I was christened May Tabina by a computer at a place called Young America in Minnesota -- which sent me a free softball for two cereal proofs-of-purchases and a 40-cent check.
You would think the computer would have realized it changed my name when it cashed my check, which had my real name on it.
I have received mail addressed to May Spring, Mary Bina and Miley Tapina.
Cheery letters urge me to buy magazines or want to know what brands of pet food, shampoo, detergent or floor cleaner I buy or hint I am on a selected list to possibly win up to several million dollars if my number is selected from among the 10 billion sent out.
A few write me cozy but concerned letters that begin in a confidential tone:
"Dear May (Morey, Mony, Murray or the more formal Mr. or Ms. Tabina, Tbina, Sping, Spun, Bing), if you should be hospitalized your current insurance may not fully cover your expenses which would be an additional burden on your family."
In one week's mail alone under a variety of names, I was alerted to specials on tires, vinyl siding, storm windows, home equity loans and offers to send me credit cards with pre-approved credit lines ranging anywhere from $2500 to $25,000.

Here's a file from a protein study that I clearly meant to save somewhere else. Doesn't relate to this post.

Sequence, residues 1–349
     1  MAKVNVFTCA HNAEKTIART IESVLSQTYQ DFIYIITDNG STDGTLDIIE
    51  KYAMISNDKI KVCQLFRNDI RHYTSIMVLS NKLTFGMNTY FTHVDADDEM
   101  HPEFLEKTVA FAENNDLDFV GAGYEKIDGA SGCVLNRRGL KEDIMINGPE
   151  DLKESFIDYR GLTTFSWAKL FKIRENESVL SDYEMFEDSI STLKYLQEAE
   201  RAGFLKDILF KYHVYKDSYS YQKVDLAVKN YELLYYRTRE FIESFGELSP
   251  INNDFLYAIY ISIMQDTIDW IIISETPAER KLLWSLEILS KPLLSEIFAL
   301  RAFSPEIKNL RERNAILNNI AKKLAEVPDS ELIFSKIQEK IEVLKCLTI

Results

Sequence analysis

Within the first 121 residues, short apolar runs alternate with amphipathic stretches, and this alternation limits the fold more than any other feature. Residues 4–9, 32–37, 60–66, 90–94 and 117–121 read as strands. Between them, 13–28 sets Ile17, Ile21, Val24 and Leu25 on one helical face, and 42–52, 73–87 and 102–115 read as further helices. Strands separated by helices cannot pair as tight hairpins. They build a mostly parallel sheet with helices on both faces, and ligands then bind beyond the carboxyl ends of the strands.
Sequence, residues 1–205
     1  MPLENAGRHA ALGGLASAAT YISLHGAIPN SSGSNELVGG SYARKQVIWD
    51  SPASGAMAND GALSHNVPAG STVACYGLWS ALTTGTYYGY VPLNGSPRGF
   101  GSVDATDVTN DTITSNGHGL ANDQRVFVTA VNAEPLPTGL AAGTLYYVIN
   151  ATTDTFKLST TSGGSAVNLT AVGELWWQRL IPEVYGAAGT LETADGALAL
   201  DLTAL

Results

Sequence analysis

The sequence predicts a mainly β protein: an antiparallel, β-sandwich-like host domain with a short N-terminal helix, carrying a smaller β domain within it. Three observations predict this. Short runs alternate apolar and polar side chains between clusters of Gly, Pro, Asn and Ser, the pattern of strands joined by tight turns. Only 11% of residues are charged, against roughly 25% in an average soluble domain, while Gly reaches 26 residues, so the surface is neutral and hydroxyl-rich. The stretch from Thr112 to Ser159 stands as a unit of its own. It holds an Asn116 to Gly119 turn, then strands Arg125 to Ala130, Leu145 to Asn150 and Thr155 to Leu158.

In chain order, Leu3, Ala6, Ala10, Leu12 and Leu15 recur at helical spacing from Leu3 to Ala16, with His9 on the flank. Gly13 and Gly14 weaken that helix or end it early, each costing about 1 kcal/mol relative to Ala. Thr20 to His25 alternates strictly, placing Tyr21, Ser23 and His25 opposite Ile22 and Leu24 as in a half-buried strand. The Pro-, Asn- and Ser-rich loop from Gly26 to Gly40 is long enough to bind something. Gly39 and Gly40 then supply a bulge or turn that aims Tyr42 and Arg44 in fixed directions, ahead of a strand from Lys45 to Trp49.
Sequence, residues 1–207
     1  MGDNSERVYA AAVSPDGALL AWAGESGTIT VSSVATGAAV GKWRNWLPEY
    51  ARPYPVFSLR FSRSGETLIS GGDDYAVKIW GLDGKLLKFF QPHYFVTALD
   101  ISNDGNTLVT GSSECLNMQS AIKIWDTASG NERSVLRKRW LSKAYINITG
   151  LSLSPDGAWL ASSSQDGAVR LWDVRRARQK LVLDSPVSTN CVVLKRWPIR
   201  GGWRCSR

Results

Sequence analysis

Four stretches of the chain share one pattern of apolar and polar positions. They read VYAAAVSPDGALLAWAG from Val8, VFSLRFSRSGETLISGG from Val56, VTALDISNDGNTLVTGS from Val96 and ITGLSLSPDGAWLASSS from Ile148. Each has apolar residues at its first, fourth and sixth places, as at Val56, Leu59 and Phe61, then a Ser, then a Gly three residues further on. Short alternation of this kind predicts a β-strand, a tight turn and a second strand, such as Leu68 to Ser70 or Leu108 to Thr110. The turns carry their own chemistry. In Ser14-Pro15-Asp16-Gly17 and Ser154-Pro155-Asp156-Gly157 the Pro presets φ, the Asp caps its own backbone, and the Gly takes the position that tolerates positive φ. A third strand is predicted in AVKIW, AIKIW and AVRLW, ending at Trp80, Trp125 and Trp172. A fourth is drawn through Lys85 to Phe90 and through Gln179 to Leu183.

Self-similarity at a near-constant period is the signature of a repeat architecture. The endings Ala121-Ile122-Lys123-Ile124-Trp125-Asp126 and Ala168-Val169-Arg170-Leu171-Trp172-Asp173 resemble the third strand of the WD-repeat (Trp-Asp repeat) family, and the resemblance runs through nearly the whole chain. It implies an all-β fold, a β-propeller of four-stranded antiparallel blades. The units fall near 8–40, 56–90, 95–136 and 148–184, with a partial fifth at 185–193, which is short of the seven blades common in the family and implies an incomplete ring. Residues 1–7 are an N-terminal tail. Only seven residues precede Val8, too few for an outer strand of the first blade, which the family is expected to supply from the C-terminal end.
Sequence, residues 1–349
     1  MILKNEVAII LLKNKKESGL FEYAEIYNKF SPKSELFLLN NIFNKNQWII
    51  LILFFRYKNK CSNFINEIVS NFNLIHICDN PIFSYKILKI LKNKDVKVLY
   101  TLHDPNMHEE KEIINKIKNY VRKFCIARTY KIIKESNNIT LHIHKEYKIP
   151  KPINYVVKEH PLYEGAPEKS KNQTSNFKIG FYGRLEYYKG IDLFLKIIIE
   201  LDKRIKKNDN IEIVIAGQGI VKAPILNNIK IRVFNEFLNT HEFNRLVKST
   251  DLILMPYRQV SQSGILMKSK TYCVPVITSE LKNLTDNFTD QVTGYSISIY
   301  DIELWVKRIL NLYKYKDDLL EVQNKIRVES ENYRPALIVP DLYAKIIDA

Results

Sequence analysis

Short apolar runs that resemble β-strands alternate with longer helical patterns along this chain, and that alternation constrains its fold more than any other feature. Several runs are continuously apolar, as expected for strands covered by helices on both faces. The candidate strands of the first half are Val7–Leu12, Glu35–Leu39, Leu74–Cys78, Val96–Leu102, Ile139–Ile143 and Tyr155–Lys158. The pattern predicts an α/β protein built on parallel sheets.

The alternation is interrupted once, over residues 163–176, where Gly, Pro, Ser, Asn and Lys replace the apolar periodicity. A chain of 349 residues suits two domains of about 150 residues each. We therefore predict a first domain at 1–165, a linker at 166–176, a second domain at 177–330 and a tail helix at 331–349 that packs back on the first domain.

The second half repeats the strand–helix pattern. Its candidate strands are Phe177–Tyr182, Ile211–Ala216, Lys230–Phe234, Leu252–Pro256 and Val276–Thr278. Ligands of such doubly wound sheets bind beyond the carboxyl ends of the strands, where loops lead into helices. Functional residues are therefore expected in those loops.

If I had applied would I use my real name or the one the computer gave me?
I heard on the news that a dog somewhere was issued a credit card with a $5,000 pre-approved limit. The announcer did not say whether the dog had applied.
If I win one of the multimillion-dollar giveaways, should I endorse the check using the name the computer gave me or my legal name?
Would the IRS require I get another Social Security number under that name or could I use the one they issued me 35 years ago?
I don't know.
A department head at the State University of New York (SUNY) showed me what lengths computers will go to get business.
He received an enticing letter from a home finance company addressed to Mr. Cliff Suny.
"Dear Mr. Suny," it began, "our current low interest rates make this an ideal time for you to add that extra room the entire Suny family will enjoy this winter."
"Should I fill it out?" he asked.
"Why not?" I said.
Does the computer know that Suny is an acronym for the State University of New York?
Are they willing to loan him enough money for a room to hold the more than 20,000 students, faculty and staff on our Buffalo campuses?
"Oh, go ahead and sent it back and sign the governor's name on the application," I begged. I could see Mr. Suny was weighing the decision.
"I would lose my job if they found out I sent it in as a joke," he said.
Said I, "But think of the movie, the talk shows.
"Laugh all the way to the bank as a celebrity!"
"Or cry all the way to the penitentiary for fraud," he pointed out.
"But if you go to the pen, then they'll send you another letter addressed to "Dear Mr. Occupant -- our current low interest rates make this an ideal time for you to add that extra room the entire Occupant family will enjoy.
Will the room be large enough to hold all the inmates in the penitentiary?
MARY BETH SPINA lives in Clarence and has been a writer and reporter for 30 years.